Winter 2014 Propane Crisis – The Rest of the Story

The recent propane shortage is being called a “crisis” and for good reason. But like so many “crises” there is more to the story than is generally known and in this case it’s worth a careful examination of the events involved.  Clearly it was a perfect storm in the balance of supply and demand, resulting in huge price spikes.  And the consequences included panic, headline news, government intervention and of course, lots of finger pointing.  Today we look at how the market responded and why the propane industry will once again be stronger for it.

Sail Away – Propane Exports Exceed 400 Mb/d for the First Time

We’ve been talking a lot over the past year about the need for increasing exports to balance the U.S propane market as growth in production from gas processing plants outruns domestic demand.  U.S. propane production from gas processing has increased by over 100 Mb/d since January 2013, and there’s lots more to come.  For the first time U.S. propane exports exceeded 400 Mb/d in October 2013 thanks to growing U.S supply and infrastructure developments including dock expansions by Enterprise and Targa.  But just after exports ramped up, the propane market was hit by a couple of wild cards – a late and very heavy crop drying season and a series of record cold temperature events. In today’s blog, we continue our series covering the record setting 2014 NGL markets.

A Perfect Storm – Polar Vortex Turns Propane and other NGL Markets Upside Down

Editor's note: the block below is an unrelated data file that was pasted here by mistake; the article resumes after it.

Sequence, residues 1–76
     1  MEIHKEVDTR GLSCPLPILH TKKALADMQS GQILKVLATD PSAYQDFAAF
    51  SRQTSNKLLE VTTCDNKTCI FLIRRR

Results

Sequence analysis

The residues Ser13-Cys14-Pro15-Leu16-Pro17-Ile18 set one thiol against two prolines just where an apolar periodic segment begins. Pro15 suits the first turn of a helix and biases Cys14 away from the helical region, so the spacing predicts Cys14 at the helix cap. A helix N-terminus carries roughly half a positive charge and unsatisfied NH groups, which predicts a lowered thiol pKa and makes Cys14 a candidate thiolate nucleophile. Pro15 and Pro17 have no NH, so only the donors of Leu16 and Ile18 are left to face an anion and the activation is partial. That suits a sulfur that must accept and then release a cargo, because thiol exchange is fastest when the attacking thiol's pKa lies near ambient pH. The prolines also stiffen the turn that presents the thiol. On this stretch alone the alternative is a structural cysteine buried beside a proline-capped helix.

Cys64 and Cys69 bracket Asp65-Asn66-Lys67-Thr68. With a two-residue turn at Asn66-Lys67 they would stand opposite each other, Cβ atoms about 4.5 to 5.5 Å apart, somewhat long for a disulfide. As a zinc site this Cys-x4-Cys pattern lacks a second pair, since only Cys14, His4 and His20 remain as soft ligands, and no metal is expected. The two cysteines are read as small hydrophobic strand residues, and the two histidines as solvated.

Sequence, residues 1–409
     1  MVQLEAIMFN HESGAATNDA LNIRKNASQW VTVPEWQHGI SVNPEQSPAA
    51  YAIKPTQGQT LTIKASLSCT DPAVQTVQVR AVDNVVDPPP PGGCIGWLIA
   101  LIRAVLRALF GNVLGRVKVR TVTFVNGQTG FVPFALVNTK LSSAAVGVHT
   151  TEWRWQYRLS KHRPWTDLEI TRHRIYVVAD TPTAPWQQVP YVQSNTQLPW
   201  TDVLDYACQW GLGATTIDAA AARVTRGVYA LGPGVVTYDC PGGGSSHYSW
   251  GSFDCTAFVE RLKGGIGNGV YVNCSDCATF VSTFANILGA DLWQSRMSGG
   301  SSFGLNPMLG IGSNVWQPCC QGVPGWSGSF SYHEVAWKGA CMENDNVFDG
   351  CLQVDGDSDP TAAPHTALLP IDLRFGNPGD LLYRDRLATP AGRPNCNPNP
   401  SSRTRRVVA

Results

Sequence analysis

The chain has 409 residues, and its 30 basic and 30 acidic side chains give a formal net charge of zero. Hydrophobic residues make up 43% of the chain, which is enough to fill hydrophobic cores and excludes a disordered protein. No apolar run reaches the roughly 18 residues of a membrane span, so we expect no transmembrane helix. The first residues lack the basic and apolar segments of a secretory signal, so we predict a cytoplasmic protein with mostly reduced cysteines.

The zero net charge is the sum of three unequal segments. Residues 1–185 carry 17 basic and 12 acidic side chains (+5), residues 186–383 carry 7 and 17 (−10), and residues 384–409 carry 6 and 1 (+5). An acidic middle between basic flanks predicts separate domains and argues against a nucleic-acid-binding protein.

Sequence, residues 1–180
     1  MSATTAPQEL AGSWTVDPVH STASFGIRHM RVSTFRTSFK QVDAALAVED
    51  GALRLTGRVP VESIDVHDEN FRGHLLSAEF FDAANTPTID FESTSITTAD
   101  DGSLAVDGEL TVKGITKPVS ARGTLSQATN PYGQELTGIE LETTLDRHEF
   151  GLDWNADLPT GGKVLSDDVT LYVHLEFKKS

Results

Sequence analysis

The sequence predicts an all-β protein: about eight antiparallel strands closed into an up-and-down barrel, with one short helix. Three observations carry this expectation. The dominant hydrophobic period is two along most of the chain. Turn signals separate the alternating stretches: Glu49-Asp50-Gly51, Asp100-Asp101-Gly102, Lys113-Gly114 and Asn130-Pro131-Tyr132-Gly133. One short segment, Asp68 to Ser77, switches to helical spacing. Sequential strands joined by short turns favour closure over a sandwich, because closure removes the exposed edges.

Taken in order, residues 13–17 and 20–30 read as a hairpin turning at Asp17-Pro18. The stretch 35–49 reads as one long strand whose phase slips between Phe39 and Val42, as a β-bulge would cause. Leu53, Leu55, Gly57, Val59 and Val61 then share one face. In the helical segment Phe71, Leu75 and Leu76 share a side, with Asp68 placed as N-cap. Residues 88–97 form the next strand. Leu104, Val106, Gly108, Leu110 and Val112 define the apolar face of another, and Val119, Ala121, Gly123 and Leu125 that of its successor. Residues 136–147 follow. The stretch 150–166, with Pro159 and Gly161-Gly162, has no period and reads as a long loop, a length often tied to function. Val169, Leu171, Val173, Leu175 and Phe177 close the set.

Last week the U.S. NGL markets entered uncharted territory.   According to OPIS, cash propane prices in the Conway, KS market reached almost $5.00/gallon for a time, responding to a massive product shortage across the entire eastern half of the country.  But at the same NGL hub, OPIS also reported that the price for ethane/propane mix (EP mix) dropped deep into negative territory at $(0.50)/gallon.  That’s crazy.  The seller is paying the buyer to take the product.  Nothing like this has been seen before in these markets.  Propane inventories continue to drop, transport trucks are moving product hundreds of miles to markets, terminals remain on allocation and a state of emergency has been declared by at least 20 state governors.  The inventory graphs look so scary that the Black Swan is frozen stiff.   Today we begin a series on the NGL markets of 2014, a year that this industry will be talking about for a long time.

The Gas is Hot Tonight – Spiking Ethane into LNG Exports – Part 2

There simply is not enough petrochemical demand to absorb all of the ethane that the U.S. can produce.  The result is rejection - ethane sold as natural gas at fuel value rather than being extracted and used as a petrochemical feedstock. Today around 250 Mb/d of ethane is being rejected, and that number could increase by 200% over the next three years.  Yes, you read that right.  Rejection could triple.  As NGL production from the big shale plays increases, the U.S. petrochemical industry will not be able to use most of the incremental ethane - thus rejection.  But it may not play out that way.  All that ethane could be exported - perhaps as liquid ethane. Or is there another possibility: Spiking ethane into the soon to be exported volumes of LNG from terminals like Cheniere Sabine Pass, Freeport, ETP/Southern Union at Lake Charles and Dominion at Cove Point?  Today we continue our exploration into the possibility that surplus ethane could be exported in the form of “hot” LNG.

Breakin' It Up & Breakin' It Down – PADD 1 NGL Storage: Capacity Requirements

Two weeks ago we posted part 1 of a series looking to answer the question – ‘Are we likely to run into storage issues with NGLs in PADD 1 while we are waiting for infrastructure and demand side projects such as export terminals and petrochemical facilities to be built out?’  We assessed growing supply and demand mismatches, how production will move between regions, and set the stage for today’s blog where we will examine the need for and availability of NGL storage capacity in PADD 1.  In today’s blog, we will finish painting the PADD 1 NGL storage picture.